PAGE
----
IBM and the University of Tokyo today unveiled an IBM Quantum System One as part of the IBM-Japan quantum program announced in 2019. The system is the second IBM Quantum System One assembled outside the U.S. and follows a similar system installed in Germany in June. The latter is being administered by the Fraunhofer Geselleschaft scientific research institution.
Since its introduction in early 2019, IBM has promoted the Quantum System One as a self-contained quantum computer that can be readily assembled and run at client sites. Quantum computers are notoriously finicky and typically require dedicated facilities. Most quantum computer companies only offer access (or plan to only offer access) via a portal while housing the computer at their facility. D-Wave offers standalone systems for on-premise use as well as portal access. Currently all IBM quantum systems are IBM-maintained and accessed from a web portal, although presumably a company could purchase and use a System One on-premise.
This newest Quantum System One, installed at an IBM Facility at the Kawasaki Business Incubation Center in Shin Kawasaki, has 27 qubits and a Quantum Volume [metric] of 32, which is the same performance as the system in Germany. “Over the next few months, we expect to further enhance the system. And in the future, in collaboration with the University of Tokyo, we will assess upgrading the system to one of IBM’s next generation quantum chips,” said an IBM spokesperson.
Broadly, the IBM Q System One is comprised of a number of custom components that work together including:
- Quantum hardware designed to be stable and auto-calibrated to give repeatable and predictable high-quality qubits;
- Cryogenic engineering that delivers a continuous cold and isolated quantum environment;
- High precision electronics in compact form factors to tightly control large numbers of qubits;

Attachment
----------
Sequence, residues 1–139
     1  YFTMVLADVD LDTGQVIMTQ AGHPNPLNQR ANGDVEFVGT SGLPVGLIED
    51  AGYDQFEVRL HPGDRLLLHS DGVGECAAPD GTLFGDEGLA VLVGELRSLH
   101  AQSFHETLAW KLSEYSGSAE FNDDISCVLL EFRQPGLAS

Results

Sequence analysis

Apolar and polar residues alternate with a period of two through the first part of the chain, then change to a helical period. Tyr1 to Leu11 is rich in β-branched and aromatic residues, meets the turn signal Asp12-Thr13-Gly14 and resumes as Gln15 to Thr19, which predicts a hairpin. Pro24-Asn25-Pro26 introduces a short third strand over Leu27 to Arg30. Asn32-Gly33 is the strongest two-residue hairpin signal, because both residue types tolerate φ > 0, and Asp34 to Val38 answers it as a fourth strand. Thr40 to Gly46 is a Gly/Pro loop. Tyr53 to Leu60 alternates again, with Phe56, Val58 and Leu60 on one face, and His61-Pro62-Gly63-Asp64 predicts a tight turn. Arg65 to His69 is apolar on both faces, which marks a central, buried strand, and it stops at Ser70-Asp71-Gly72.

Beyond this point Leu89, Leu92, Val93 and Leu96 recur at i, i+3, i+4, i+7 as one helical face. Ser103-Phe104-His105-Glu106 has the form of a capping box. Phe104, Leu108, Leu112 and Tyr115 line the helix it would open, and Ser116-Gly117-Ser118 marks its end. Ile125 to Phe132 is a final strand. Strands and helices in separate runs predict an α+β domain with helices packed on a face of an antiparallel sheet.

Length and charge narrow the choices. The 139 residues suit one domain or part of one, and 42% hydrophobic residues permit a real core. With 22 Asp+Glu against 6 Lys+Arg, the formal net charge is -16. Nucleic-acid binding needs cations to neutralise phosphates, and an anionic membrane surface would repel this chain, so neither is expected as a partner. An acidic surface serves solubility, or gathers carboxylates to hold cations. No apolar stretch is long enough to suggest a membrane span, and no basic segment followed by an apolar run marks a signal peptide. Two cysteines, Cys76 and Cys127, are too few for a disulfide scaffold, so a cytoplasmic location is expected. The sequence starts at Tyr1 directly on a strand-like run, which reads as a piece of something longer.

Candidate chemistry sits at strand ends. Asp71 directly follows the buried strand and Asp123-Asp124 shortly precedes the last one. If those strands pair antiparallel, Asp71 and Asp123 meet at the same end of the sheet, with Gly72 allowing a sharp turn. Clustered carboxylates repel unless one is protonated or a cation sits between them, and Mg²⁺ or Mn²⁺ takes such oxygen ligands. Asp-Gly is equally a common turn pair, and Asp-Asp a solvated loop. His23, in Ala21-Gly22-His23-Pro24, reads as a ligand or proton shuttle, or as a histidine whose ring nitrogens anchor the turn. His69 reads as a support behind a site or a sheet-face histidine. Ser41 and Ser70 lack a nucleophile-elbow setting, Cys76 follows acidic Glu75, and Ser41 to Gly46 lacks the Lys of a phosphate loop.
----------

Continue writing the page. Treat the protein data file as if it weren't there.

- Quantum firmware to manage the system health and enable system upgrades without downtime for users; and
- Classical computation to provide secure cloud access and hybrid execution of quantum algorithms.
In a blog accompanying the announcement, Jay Gambetta (IBM Fellow and VP, Quantum Computing) and Kei Kawase (program director, IBM Japan Quantum Program) wrote:
“Japan’s System One is part of the ongoing Japan-IBM Quantum Partnership, which is already exploring the frontiers of science with quantum computing. Scientists at Mitsubishi Chemical, part of the IBM Quantum Hub at Keio University, along with collaborators at Keio, the JSR corporation, and help from IBM Researchers, are developing new quantum algorithms to understand the complex behavior of industrial chemical compounds. Such compounds may have near-term applications for energy storage and organic light-emitting diode (OLED) devices.
“Meanwhile, Keio University, together with researchers from Mizuho Financial Group and the Mitsubishi UFJ Financial Group, are improving an algorithm called amplitude estimation, which may be useful for options pricing and related financial instruments. Finally, researchers at the University of Tokyo have teamed up with IBM at the University of Tokyo-IBM Quantum Nikkei Global Digital Hardware Test Center where academic and industry collaborators can research the next generation of quantum hardware components in order to push the overall field of quantum computing forward. Other companies, such as SONY, DIC, Toshiba, Toyota, Hitachi, SuMi Trust, and Yokogawa are also doing groundbreaking quantum research as part of the Quantum Innovation Initiative Consortium, announced last year.”
Teruo Fujii, President of the University of Tokyo, is quoted in the announcement, “In the rapidly changing field of quantum technology, it is extremely important not only to develop quantum technology-related elements and systems, but also to foster the next generation of human resources in order to achieve advanced social implementation on a global scale. Our university has a broad base of research talents and has been always promoting high-level quantum education from the undergraduate level. Now, we will further refine the development of the next generation of quantum native skillsets by utilizing IBM Quantum System One.”
As shown in the figure below, IBM has outlined an ambitious quantum roadmap.
Link to IBM blog: https://research.ibm.com/blog/japan-quantum-system-one
Link to video: https://www.youtube.com/watch?v=tPMY4oP3Qgk